Draft Rulemaking Legislation Discussed

Mike Broschinsky Legislation, Uncategorized

At its January 7, 2004, meeting, the legislature’s Administrative Rules Review Committee discussed two pieces of legislation that are not yet numbered. The first, “Administrative Rules Reauthorization,” is the committee’s annual bill that is required to reauthorize administrative rules. (See Utah Code 63-46a-11.5.) As it stands after the meeting, the Committee recommends reauthorizing all rules except two:
  • Section R156-73-601, Commerce, Occupational and Professional Licensing, “Chiropractic Physician Practice Act Rules – Scope of Practice” (see the Committee’s minutes for its 11/25/2003 meeting for more details); and
  • Subsections R884-24P-24(L)(1) and (2), Tax Commission, Property Tax, “Form for Notice of Property Valuation and Tax Changes ….” (see the Committee’s minutes for its 12/08/2003 meeting for more details)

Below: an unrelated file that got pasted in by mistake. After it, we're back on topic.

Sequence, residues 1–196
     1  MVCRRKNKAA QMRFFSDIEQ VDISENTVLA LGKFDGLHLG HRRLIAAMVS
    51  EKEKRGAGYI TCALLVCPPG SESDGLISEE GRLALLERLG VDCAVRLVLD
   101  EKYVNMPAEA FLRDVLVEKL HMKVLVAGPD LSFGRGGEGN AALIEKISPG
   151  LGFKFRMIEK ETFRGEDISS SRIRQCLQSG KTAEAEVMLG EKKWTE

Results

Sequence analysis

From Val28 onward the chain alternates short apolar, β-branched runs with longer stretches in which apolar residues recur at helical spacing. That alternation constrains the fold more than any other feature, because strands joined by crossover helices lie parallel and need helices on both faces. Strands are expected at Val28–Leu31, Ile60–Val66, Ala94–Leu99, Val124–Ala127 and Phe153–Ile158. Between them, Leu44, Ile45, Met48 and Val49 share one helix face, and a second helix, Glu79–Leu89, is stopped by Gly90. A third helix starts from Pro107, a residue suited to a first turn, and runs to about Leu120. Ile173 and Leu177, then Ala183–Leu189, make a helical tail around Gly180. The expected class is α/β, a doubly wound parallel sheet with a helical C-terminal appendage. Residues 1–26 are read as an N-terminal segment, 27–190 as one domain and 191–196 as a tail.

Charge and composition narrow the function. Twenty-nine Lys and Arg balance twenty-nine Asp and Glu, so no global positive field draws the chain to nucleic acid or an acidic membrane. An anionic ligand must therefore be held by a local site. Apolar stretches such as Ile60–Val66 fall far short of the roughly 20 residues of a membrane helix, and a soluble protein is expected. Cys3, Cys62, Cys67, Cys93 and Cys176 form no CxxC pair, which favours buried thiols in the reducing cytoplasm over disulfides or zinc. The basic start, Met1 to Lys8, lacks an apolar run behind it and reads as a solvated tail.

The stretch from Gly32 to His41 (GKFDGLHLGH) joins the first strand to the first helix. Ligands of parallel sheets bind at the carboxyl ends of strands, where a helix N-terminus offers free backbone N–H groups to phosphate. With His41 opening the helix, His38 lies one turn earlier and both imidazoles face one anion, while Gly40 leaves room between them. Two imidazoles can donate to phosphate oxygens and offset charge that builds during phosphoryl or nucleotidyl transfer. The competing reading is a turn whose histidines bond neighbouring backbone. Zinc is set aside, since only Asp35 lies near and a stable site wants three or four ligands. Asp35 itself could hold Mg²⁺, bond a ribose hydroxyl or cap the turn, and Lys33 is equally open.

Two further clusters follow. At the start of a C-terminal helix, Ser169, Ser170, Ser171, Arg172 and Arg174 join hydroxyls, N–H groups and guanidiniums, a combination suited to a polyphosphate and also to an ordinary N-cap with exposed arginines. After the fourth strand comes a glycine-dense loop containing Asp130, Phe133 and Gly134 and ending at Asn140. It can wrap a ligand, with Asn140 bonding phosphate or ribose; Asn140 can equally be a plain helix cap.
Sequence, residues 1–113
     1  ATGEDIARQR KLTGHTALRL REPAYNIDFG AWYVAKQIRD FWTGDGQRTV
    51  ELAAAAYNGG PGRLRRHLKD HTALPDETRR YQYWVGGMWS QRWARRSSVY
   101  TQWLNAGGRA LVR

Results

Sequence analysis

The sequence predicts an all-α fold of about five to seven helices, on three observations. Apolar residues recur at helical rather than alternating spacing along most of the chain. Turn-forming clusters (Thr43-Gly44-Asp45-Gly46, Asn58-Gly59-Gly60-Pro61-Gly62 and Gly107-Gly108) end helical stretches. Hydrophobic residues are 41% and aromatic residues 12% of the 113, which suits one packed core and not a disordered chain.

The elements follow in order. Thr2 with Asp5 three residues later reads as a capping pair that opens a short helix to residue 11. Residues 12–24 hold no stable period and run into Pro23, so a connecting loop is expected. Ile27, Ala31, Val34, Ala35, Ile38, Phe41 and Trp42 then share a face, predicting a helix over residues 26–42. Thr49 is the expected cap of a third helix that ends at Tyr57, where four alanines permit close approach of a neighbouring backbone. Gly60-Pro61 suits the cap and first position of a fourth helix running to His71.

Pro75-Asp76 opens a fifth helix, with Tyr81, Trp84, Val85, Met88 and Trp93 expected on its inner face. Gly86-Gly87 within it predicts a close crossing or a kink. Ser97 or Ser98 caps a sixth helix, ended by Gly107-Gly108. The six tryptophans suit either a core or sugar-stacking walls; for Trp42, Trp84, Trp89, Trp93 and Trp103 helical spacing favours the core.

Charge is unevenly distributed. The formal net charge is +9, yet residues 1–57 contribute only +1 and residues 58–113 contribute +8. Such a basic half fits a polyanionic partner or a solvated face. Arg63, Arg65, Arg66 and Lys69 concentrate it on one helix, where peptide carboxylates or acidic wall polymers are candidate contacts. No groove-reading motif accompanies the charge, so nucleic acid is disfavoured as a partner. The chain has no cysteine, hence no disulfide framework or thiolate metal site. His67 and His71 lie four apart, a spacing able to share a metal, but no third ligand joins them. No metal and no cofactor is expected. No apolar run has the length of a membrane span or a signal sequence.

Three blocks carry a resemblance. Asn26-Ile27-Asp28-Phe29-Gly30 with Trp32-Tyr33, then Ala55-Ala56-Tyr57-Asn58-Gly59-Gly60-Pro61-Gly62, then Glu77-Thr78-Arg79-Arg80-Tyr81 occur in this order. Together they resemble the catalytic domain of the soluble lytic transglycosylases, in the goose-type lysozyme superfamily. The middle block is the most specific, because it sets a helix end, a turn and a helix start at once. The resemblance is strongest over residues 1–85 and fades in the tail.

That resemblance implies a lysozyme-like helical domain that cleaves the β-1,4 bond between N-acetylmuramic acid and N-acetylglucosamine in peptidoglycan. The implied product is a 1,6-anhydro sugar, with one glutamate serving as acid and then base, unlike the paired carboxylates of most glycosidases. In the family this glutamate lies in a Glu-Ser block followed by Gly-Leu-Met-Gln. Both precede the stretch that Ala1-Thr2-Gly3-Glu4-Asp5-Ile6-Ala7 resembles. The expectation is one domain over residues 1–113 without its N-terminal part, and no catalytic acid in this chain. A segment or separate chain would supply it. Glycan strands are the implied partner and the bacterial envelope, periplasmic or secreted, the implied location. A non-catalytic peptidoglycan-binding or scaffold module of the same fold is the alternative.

At the meeting, the Committee voted to remove two administrative rules that had been added to the “sunset list” during the interim (Rule R590-209, Insurance, Administration, “Court Ordered Health Insurance Coverage for Dependents,” and Section R612-2-22, Labor Commission, Industrial Accidents, “Workers’ Compensation Rules – Health Care Providers, Medical Records”). The Committee removed these rules because the respective agencies had responded to the concerns of the Committee. As always, once this bill is introduced, it can be amended just like any other bill, and rules may be added or removed. While legislators have been quick to respond when agencies have addressed the committee’s concerns by amending rules off of the bill, it is rare to have rules added to the bill once it is numbered. The other piece of draft legislation discussed was Rep. Wayne Harper’s “Utah Administrative Rulemaking Act Amendments.” As we understand it, Rep. Harper wants state agencies to notify the sponsor(s) of each bill on which the agency relies for its rulemaking authority. As we understand, Rep. Harper believes that this will give the sponsor an opportunity to assure that the legislative intent is being carried out. It will also help legislators understand the broader impact of their legislation. As soon as these bills are numbered, the Division will provide links. — Ken Hansen